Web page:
Banks:
From Savings Accounts to Certificates of Deposit
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Listen and Read | Vocabulary Exercise | Discussion
Role Play | Online Investigation | Other Online Listening Practice

Part I: Listen and Read: Read along with the audio recording.

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>> Yesterday, I went to a bank to open up a savings and checking account. I deposit about $300 every month in my savings account to save money for major purchases or for a rainy day when I have unexpected expenses. My paycheck is deposited directly into my checking account, and I write out checks to pay my bills. My checking account is free if I maintain a minimum balance of $25 in the account. I also have about $100 automatically transferred from my checking to my savings account on a monthly basis. The accounts earn very little interest, but it's better than earning nothing. Therefore, I also have a certificate of deposit that earns a higher rate of interest, but I can't withdraw the money from the account for one year. Actually, I need money because I'm planning on taking out a student loan to pay for college tuition. Also, I rent a safety deposit box at the bank and store my valuables there including important documents, some coins and jewelry, and the deed, or ownership record, to my house. Finally, I can exchange my money into the currency of other countries, or I can buy traveller's checks before I depart on a trip.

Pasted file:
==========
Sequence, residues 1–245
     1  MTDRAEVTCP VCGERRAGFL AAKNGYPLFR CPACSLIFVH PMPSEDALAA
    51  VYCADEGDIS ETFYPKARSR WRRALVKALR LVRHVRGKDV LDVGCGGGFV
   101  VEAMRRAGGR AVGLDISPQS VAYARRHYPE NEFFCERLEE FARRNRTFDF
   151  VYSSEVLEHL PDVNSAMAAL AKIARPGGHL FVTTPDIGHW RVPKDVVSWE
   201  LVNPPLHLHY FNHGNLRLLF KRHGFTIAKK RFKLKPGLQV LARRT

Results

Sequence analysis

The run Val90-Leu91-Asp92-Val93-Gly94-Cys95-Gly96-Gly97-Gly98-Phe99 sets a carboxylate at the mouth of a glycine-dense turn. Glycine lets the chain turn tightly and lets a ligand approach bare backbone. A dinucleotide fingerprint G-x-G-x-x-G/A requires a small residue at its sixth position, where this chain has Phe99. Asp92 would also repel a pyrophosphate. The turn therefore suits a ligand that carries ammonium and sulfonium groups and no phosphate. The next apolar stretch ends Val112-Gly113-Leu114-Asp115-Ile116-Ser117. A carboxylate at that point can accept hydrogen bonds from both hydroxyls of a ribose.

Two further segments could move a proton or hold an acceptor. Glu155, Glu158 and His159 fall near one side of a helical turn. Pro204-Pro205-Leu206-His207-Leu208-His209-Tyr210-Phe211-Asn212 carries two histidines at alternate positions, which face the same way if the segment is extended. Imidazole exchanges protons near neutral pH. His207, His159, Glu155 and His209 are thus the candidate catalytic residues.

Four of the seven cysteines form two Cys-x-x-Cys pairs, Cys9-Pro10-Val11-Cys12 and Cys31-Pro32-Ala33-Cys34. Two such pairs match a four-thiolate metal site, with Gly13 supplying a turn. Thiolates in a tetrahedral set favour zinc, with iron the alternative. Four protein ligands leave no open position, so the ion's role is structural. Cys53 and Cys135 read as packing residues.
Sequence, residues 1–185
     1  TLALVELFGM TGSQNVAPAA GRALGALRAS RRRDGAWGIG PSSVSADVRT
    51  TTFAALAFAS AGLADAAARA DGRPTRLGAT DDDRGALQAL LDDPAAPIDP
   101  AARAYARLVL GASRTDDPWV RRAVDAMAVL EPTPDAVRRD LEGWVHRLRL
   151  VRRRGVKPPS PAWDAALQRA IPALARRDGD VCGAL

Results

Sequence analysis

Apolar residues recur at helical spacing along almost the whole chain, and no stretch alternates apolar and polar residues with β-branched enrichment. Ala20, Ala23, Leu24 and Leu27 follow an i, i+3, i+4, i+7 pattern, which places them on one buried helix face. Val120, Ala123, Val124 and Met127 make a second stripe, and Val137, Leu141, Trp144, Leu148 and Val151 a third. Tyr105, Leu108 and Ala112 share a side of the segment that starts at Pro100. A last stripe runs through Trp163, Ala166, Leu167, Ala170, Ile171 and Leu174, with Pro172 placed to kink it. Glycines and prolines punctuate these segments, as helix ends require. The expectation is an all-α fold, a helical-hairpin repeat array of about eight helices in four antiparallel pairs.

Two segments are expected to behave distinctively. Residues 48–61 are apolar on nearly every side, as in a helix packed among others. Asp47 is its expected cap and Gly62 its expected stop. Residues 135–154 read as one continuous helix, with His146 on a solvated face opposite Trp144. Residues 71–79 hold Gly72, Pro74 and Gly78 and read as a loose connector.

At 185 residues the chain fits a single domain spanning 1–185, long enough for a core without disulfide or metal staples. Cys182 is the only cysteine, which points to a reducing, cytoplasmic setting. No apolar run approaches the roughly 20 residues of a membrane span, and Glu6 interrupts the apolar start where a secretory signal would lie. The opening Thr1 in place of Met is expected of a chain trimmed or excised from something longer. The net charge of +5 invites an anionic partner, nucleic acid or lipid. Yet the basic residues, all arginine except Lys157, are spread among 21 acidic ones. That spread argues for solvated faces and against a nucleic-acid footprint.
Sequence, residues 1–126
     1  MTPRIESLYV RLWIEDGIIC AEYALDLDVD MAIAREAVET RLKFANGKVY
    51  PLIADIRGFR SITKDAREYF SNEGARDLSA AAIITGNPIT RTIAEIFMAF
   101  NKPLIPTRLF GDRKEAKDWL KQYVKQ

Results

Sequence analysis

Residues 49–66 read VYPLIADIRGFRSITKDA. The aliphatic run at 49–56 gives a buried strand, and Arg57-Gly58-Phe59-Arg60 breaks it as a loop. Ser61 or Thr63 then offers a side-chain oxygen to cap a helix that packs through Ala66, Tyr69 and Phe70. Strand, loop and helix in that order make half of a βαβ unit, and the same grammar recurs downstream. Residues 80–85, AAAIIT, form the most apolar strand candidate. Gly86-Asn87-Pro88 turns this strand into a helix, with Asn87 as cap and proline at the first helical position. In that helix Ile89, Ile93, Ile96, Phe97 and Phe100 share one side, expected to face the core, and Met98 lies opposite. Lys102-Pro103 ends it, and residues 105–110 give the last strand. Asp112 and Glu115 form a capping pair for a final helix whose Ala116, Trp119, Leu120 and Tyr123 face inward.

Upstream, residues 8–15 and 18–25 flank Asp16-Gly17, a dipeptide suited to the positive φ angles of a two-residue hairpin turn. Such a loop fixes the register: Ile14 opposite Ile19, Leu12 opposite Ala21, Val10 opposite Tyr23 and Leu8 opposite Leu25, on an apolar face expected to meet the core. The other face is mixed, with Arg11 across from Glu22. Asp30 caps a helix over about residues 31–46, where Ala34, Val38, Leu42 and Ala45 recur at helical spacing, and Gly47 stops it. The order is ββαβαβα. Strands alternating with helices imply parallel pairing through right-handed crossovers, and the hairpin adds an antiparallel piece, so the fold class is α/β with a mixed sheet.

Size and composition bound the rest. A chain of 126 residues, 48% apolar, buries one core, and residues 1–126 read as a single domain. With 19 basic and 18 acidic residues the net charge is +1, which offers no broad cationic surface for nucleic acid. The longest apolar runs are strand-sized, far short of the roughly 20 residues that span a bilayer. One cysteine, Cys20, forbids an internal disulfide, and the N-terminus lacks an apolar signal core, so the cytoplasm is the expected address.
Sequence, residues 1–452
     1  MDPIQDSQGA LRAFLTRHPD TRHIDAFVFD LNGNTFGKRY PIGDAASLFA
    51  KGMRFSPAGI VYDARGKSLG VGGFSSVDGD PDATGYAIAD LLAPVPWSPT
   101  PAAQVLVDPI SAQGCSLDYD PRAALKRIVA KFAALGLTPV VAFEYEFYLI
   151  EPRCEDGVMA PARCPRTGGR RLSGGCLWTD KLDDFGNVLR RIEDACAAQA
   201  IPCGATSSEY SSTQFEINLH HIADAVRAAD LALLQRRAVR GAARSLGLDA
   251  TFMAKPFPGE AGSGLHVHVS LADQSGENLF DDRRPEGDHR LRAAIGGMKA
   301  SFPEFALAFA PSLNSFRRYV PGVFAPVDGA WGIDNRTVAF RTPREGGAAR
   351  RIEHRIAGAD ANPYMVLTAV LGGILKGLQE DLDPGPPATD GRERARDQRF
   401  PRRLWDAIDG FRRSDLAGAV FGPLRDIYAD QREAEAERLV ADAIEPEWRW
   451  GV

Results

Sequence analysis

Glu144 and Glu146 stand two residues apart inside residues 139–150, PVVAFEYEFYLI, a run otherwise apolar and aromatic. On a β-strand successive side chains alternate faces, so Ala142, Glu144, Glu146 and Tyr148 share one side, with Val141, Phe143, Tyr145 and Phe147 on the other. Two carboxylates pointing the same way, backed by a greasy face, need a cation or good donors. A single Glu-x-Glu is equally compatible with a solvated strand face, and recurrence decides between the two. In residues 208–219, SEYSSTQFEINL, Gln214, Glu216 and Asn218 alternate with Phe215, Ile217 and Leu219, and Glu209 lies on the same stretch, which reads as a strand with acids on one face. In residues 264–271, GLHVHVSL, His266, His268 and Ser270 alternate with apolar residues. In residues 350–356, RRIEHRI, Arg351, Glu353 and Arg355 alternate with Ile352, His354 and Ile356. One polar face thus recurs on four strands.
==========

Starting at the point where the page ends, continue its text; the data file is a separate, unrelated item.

Part II: Vocabulary Exercise

Now, review the bold vocabulary above by trying this quiz. Then, return back to this page for speaking practice.

Part III: Discussion

Taking out personal loans from banks is one way to pay for educational expenses or other necessities of life; however, more and more people are getting into debt and are even looking for help from bankruptcy attorneys because they don't know how to manage their checks and money, and spend well beyond their means. What are some ways that people (and students in particular) can save money and still pay for living expenses?

Part IV: Role Play: Practice Your Skills

You have just moved overseas study English, and you plan on living in that country for about three years. However, you don't have a bank account. Tell one of your new teachers at the school that you want to set up up a checking account and describe the reasons you need one (e.g., receive money from your home country, pay your bills, deposit money for future purchases, save money for school tuition and a rainy day).

Part V: Online Investigation

Your friend is thinking about opening up a bank account in your county, but he doesn't understand the services the banks provide. Use the Internet to compare to banks in your city and decide which would be best for international students living in your area.

Online Listening Practice (from www.esl-lab.com):



 

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